Fox News host Laura Ingraham has lost a number of advertisers as part of a boycott organized by Parkland, Florida, school shooting survivor and gun control activist David Hogg.
But one advertiser announced Monday he has no plans to take his ads off Ingraham’s program.
Mike Lindell, CEO and founder of MyPillow, used his Twitter account to announce his ads are staying on Ingraham’s show.
— Mike Lindell (@realMikeLindell) April 2, 2018
The calls for an advertiser boycott began last week when Ingraham posted a rather innocuous tweet saying Hogg had “whined” about not being accepted to four colleges he had applied to.
Hogg viewed that as an attack and followed up with a tweet of his own listing the advertisers on Ingraham’s program and suggesting his followers pressure them to remove their ads from the program.
According to Time Magazine, as of Friday afternoon, companies who have pulled ads from Ingraham’s show include Atlantis Bahamas, Expedia, Hulu, Jenny Craig, Johnson & Johnson, Liberty Mutual, Nestle, Nutrish, Stitch Fix, TripAdvisor, and Wayfair.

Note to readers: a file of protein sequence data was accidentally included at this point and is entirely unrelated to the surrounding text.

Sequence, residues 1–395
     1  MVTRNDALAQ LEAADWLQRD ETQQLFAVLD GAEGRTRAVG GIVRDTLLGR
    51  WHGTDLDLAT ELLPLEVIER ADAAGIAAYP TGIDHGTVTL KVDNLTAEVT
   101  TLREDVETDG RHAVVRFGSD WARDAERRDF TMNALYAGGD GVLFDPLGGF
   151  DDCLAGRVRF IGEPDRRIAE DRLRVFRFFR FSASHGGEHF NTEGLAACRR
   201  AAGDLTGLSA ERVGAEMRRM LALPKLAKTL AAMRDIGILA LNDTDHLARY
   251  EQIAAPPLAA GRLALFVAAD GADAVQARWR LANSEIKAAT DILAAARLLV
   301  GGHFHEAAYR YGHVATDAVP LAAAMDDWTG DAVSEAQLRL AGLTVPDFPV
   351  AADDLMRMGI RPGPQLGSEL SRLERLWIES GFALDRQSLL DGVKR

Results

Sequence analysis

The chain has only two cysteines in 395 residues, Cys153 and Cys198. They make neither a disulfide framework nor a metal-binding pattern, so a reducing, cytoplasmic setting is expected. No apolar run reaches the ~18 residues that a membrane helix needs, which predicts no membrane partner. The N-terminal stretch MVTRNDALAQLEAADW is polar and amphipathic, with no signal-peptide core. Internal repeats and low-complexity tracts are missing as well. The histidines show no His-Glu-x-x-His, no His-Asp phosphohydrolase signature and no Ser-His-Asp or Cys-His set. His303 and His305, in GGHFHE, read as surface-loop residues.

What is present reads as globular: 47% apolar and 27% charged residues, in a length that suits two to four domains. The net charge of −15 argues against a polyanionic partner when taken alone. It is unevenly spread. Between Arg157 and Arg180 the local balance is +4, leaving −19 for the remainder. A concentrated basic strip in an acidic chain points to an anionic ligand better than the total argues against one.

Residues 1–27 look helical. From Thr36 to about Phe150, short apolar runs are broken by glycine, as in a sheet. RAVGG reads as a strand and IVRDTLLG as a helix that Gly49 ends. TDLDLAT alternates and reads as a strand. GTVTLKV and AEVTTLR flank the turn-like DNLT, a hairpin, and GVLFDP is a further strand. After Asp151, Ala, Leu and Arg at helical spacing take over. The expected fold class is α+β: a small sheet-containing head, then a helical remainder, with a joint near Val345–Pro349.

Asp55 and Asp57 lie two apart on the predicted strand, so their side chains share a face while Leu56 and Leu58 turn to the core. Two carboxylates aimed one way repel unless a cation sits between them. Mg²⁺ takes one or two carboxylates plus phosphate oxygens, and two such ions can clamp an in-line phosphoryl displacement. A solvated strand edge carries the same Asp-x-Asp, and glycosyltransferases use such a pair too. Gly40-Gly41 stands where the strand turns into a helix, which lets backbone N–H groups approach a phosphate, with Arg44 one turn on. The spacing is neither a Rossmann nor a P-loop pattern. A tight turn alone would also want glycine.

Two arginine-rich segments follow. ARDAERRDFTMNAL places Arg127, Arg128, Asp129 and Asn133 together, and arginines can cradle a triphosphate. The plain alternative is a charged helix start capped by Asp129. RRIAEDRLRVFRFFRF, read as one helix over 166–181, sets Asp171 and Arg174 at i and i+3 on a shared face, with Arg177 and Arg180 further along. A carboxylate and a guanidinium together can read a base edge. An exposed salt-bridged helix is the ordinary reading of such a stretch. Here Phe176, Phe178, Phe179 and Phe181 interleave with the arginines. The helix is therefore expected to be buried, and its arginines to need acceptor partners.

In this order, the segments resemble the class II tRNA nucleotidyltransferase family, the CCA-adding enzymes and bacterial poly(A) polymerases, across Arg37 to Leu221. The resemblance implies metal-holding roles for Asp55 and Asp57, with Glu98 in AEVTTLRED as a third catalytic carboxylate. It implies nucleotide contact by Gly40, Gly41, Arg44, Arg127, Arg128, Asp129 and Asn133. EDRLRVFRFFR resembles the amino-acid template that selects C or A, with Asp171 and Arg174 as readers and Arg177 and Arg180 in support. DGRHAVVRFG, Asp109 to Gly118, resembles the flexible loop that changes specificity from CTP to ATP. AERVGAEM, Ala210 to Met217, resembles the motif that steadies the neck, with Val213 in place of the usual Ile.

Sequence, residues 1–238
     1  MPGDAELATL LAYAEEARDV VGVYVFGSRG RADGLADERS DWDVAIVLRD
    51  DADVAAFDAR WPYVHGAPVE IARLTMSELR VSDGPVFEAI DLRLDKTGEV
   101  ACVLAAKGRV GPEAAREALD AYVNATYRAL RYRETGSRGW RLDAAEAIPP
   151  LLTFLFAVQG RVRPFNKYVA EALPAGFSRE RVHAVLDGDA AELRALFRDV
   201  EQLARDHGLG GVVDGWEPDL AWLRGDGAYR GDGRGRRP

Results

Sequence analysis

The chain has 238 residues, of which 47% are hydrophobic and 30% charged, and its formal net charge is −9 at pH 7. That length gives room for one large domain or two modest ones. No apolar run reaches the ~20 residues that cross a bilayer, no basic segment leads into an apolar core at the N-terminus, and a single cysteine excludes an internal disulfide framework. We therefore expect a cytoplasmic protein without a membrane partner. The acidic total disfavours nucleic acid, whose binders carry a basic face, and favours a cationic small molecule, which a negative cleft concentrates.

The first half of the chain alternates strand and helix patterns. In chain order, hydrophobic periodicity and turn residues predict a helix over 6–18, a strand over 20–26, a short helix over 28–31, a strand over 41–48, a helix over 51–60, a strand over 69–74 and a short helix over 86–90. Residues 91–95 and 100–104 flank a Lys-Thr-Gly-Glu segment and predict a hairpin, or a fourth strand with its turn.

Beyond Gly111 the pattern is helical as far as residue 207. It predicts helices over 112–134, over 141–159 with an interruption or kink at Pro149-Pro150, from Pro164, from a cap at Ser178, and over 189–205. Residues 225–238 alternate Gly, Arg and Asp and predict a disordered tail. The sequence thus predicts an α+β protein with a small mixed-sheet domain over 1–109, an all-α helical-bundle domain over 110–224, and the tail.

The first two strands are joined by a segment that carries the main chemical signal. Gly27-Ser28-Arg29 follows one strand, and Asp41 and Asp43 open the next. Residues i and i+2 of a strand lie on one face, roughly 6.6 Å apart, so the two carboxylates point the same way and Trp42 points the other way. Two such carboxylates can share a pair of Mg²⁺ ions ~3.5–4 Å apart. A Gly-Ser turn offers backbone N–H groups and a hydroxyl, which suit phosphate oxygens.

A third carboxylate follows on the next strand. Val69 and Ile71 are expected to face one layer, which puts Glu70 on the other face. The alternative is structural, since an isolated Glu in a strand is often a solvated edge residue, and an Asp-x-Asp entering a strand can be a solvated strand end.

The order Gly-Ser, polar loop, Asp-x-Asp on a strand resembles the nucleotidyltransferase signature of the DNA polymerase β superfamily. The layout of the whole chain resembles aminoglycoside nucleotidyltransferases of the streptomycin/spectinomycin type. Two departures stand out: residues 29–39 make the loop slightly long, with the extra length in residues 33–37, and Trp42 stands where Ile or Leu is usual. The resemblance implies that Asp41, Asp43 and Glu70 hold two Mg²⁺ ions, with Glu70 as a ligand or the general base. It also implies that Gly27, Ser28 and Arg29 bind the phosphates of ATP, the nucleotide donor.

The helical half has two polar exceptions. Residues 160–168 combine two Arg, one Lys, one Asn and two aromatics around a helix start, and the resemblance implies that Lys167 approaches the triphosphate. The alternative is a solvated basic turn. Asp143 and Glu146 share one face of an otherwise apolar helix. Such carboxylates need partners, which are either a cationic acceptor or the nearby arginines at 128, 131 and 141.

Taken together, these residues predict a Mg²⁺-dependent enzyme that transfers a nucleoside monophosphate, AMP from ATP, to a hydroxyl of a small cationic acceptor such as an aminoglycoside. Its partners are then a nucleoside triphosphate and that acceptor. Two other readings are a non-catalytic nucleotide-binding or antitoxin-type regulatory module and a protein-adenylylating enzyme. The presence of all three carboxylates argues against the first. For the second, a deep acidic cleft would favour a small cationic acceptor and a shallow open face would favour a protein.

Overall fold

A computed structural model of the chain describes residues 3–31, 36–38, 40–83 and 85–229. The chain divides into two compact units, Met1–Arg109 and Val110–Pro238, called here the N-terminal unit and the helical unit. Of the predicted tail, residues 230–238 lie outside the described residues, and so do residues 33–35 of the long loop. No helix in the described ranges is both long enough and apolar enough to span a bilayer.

Lindell, a Christian and a conservative, isn’t following course, however. And his decision earned praise from a number of people on Twitter.
i’ll buy some, and let them sit in the closet until needed. i’d rather spend the money to support a company that supports free speech… then spend it on anything else actually.
— Alexis 🇺🇸 (@xoxalexisdiana) April 2, 2018
Well, looks like I’m going to be sleeping on a my pillow!
— RuskziBot (@jMOTOrist) April 2, 2018
— 🇺🇸Globird 🦅 (@Globird3) April 2, 2018
Naturally, there were others who responded to Lindell’s tweet by announcing they would pressure retailers such as Walmart and Kroger to stop selling My Pillow products.
I want Walmart, QVC, and Kroger Co. to send all My Pillows back to Mike Lindell.
Kroger is the parent company for Fred Meyer.
— Dawn #FBR #Resist (@DawnRedden2) April 3, 2018
Ingraham apologized for her comment, saying Hogg and any other student should be proud of a 4.2 grade point average. She has been off the air this week for vacation.
Hogg, however, said he refused to accept Ingraham’s apology, saying on CNN, “a bully is a bully, and it’s important that you stand up to them.”
Meanwhile, in a statement released Monday, Fox News co-president Jack Abernethy defended Ingraham and said the network would not be intimidated by the boycotts.
“We cannot and will not allow voices to be censored by agenda-driven intimidation efforts,” Abernathy said. “We look forward to having Laura Ingraham back hosting her program next Monday when she returns from spring vacation with her children.”
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